He says he hopes his experience with the public shows that your background doesn’t matter – everyone has a place in winter sports.
“If I can start playing sports at 32 and come to the Olympics at 38, then there’s no excuse for anyone – whether it’s 40, 50, 60, not to go out and learn and enjoy.” from skiing, ”he said Eurosport. ‘It’s not too late.’
“When I started this mission, it was a really selfish endeavor – let’s see where I can take this for myself,” Alexander said.
After the incident that happened to George Floyd last year, I received so much attention and support from the people who tried to advocate diversity in winter sports.
“Now I almost feel like I’m carrying that pressure to perform and that thing on my shoulders for diversity in winter sports, so it’s gotten a lot bigger.
“I’m very happy to be the one person who can show that it doesn’t matter what your background is, socio-economic or racial, that you have a place in winter sports.”
“We’re trying to inspire the next generation,” Alexander said last month.
Alexander skis down the slope during training at the Kolašin ski resort on December 21, 2021
‘Although you may come from Timor, India or Jamaica, if you start young and have a belief, then we may be able to cross one generation of an elite country in winter sports.’
Alexander came from a working-class background. He said Olympics.com: ‘My mother, my father and my brother spent most of their careers in factories or driving.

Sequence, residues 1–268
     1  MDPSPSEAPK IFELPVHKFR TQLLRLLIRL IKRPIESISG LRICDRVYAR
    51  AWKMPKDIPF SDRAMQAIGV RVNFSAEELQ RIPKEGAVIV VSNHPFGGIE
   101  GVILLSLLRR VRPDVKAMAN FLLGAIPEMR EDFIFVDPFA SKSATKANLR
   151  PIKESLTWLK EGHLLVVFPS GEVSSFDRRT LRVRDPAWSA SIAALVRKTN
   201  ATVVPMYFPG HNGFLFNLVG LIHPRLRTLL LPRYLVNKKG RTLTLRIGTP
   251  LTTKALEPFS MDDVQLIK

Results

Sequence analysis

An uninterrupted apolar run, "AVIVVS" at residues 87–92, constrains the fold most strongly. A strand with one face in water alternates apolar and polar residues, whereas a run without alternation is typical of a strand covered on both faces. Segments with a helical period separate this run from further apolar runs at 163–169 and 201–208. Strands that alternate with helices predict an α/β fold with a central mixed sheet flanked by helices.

‘None of these three graduated from high school with a decent GCSE or O-grade.’
But Alexander took a different path and earned a scholarship to a private school before studying physics and engineering at Imperial College London.
He started working as a DJ while studying, but stopped after two years in 2002 after someone was shot while Alexander was waiting in line to come to a London nightclub.
He said, ‘I just thought it was complete nonsense. During the day, I’m basically at MIT – I went to the Imperial College of Science, Technology, Medicine to study physics – so I do that during the day, and at night I hang out with people trying to kill each other, and I quit music almost immediately. ‘
Alexander then worked in finance in Hong Kong for years before returning to DJing. He eventually played at the Burning Man Festival in the US and had a residency in Ibiza.